Don’t forget that this time, there is no contest—-nobody is presidential candidate, nobody is vice-presidential candidate, nobody is governorship candidate. We have president in place, we have vice-president in place and we have governors in place. Elections have come and gone. It is about governance now. So, you have enough time to look at how you can at the end of the day, be able to merge or align—whatever language, whatever name you want to call it. So, you have enough time to look at the challenges, look at peoples’ expectations, look at what you want; you put everything on the table. I also want to say there appears to be sincerity of purpose, there appears to be a commitment on every side, that there is a need, at least, to get it right now.
You are convinced that this time around, there is no half hearted commitment; that there are no moles within, working for the ruling party?
I am not a soothsayer, as to be able to know what is in the minds of people, but when you are pursuing a good cause and you have already a fixed agenda you are working with, you must accommodate that people can originate evil. That’s the truth. We are talking about building our democracy, we are talking about the interest of the nation. So, if you are there and you think the best role you can play is to be a mole, you are welcome.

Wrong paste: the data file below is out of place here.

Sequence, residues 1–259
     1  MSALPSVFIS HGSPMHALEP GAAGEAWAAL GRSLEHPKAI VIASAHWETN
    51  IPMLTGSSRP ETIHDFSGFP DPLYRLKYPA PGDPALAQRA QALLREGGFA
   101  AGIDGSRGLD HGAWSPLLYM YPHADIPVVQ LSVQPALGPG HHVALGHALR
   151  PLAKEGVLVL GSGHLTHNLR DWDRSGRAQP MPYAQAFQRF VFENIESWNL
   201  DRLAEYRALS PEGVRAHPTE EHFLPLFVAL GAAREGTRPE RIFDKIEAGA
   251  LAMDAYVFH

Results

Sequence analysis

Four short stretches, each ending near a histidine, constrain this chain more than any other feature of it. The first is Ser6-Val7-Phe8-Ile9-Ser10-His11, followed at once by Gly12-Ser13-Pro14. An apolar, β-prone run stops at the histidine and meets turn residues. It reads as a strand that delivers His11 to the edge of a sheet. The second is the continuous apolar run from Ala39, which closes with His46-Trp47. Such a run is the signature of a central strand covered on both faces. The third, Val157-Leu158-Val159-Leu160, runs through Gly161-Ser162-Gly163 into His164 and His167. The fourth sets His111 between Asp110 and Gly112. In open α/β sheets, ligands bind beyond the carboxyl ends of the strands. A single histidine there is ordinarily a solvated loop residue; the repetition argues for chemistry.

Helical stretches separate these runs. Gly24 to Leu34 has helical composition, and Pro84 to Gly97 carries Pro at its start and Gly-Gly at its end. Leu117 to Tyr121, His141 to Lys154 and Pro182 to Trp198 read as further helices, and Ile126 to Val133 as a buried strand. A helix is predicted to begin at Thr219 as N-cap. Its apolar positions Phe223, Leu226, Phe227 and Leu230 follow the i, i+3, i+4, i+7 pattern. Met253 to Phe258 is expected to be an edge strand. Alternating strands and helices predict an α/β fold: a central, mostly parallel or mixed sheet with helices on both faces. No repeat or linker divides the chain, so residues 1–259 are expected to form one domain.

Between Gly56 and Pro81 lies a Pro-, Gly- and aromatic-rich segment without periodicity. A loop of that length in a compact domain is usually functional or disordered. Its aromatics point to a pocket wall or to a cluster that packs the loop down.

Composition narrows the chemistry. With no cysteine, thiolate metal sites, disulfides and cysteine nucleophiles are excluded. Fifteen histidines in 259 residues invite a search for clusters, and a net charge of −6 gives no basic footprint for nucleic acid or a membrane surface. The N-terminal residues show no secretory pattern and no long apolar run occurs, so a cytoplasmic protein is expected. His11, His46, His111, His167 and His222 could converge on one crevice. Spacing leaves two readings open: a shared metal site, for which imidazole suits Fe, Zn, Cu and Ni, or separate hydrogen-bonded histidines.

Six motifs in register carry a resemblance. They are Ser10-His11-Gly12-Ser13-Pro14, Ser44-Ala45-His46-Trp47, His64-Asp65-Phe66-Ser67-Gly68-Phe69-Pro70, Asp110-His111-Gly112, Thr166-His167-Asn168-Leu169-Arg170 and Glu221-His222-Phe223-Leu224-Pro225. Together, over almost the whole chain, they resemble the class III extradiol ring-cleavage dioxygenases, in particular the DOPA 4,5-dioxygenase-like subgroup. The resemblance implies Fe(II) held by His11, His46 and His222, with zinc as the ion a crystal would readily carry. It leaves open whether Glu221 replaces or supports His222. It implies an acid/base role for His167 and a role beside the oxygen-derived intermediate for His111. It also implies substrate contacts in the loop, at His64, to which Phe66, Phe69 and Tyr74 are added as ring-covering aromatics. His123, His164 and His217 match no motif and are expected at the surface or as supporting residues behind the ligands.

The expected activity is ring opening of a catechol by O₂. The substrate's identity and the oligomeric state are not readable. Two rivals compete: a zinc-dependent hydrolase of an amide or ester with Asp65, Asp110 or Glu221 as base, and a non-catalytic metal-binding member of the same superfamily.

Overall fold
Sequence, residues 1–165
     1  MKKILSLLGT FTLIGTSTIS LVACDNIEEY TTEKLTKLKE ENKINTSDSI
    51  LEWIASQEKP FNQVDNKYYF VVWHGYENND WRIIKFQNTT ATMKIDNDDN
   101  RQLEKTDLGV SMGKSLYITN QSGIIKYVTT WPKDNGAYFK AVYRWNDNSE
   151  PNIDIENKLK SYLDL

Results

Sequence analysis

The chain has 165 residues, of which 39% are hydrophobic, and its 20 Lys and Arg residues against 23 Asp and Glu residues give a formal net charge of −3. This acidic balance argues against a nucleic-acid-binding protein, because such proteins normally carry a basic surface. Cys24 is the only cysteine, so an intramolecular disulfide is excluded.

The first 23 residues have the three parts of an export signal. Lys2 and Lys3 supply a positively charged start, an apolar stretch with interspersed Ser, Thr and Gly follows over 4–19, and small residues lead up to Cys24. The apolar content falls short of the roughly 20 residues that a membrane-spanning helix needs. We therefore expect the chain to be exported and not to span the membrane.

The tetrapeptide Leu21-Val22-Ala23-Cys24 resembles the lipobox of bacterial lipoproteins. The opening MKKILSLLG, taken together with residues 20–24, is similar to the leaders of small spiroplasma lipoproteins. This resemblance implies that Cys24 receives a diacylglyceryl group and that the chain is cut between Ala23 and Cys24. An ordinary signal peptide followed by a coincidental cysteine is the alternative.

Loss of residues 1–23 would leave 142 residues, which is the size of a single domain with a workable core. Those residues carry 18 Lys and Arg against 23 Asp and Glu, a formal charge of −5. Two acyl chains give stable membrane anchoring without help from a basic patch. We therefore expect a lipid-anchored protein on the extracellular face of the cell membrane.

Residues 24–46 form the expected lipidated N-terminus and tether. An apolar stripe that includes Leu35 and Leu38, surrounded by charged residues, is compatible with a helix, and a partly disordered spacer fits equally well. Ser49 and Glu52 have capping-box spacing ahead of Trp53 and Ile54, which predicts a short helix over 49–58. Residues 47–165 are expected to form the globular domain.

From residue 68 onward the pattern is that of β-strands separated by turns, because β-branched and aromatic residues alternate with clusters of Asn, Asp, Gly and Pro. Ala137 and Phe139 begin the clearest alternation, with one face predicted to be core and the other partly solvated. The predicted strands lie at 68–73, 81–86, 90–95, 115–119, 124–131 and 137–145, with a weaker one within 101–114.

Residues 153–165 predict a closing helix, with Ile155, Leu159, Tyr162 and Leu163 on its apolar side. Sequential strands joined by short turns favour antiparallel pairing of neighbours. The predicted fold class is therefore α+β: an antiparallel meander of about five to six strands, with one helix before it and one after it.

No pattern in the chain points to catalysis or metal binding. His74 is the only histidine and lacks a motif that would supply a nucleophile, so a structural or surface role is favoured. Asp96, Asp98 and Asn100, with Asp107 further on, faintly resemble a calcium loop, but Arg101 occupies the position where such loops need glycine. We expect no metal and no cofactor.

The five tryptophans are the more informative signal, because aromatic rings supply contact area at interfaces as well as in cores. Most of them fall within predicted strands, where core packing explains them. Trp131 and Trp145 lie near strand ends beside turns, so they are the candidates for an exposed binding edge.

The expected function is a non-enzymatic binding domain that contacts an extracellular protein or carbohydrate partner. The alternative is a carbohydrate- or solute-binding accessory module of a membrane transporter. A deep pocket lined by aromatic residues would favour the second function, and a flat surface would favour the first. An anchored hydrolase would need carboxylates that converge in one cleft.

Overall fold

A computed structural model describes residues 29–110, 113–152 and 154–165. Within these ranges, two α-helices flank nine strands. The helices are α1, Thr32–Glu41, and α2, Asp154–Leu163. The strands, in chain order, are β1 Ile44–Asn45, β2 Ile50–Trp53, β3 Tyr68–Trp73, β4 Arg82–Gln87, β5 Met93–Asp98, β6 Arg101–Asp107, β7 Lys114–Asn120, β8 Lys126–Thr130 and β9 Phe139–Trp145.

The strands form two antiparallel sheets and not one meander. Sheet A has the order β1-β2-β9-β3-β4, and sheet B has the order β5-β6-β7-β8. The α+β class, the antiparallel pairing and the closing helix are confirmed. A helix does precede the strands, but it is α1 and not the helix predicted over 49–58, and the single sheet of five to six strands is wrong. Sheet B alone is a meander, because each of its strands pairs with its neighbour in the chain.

It is all about choice. For me, there is nothing untoward about what is happening, there is nothing challenging about what is happening. So, you lose nothing. Let us talk about the security challenge facing the country. The north-eastern part of the country has been the most affected and incidentally, that is where your party is in control. Is your party not worried that this could paint it in bad light? We are worried; I am not even looking at it from the perspective of Borno, Yobe. No, I am looking at it in the context of the entire nation, the general insecurity across the country. I am very worried. Take Borno for instance, the political parties have been trading allegation: PDP is saying, Boko Haram was the creation of former governor, Senator Ali-Modu Sheriff, ANPP has claimed it has been at the receiving end and went further to submit that those arrested as patronizing the sect are PDP senators. Do you see politics in all these? Look, let us be honest about this issue. Why would you want to accuse the ANPP government, when practically all the victims are ANPP? It makes no sense. They have claimed that an ANPP government under Modu Sheriff funded Boko Haram and some of the victims, so far include his blood brother. How do you explain that? How do you explain that in relation to the fact, one of the victims was his brother in-law and close ally? Somebody married to his sister, same mother. How do you relate that to the fact that his attorney general, a close confidant was a victim? How do you relate that with the fact that major victims in this unfortunate development are key players in ANPP, his party? It doesn’t make sense and difficult to reconcile. Most importantly, governors, yes they may be answering chief security officers, but they don’t control the police. It isn’t peculiar to Borno alone, it is across the country, because the Commissioners of Police don’t report to them. They may be answering chief security officers, but to what extent are they chief security officers? So, nobody can easily convince me. So, if PDP comes out as a party to say it is ANPP, then it is unfortunate. Then you take it a step further: the two senators who have one thing, or the other to do with Boko Haram are PDP. So, how do you reconcile that? The man that has been vilified by PDP chieftains is equally the Board of Trustees chairman of your party. Don’t you see him as a political liability, rather than an asset? No, not at all! I don’t agree with you!! Have you also looked at it from the perspective that the reason why he is a target is because he is a political threat? Everybody knows him, the way he fights his political battle; everybody knows that he is loved by his people; everybody knows that he has capacity to win elections. This is a man who has rarely lost any election. When you look at it side-by-side his political strength, you can also accept the truth that he is a target, because it is a case of do everything you can to get this man off the way, if you must make any political impact in an environment that he has political domination. Have you looked at it from that perspective? If he isn’t loved by his people, he wouldn’t have been at the Senate for the number of times he was there before becoming the governor. This same man was elected twice as governor of Borno State.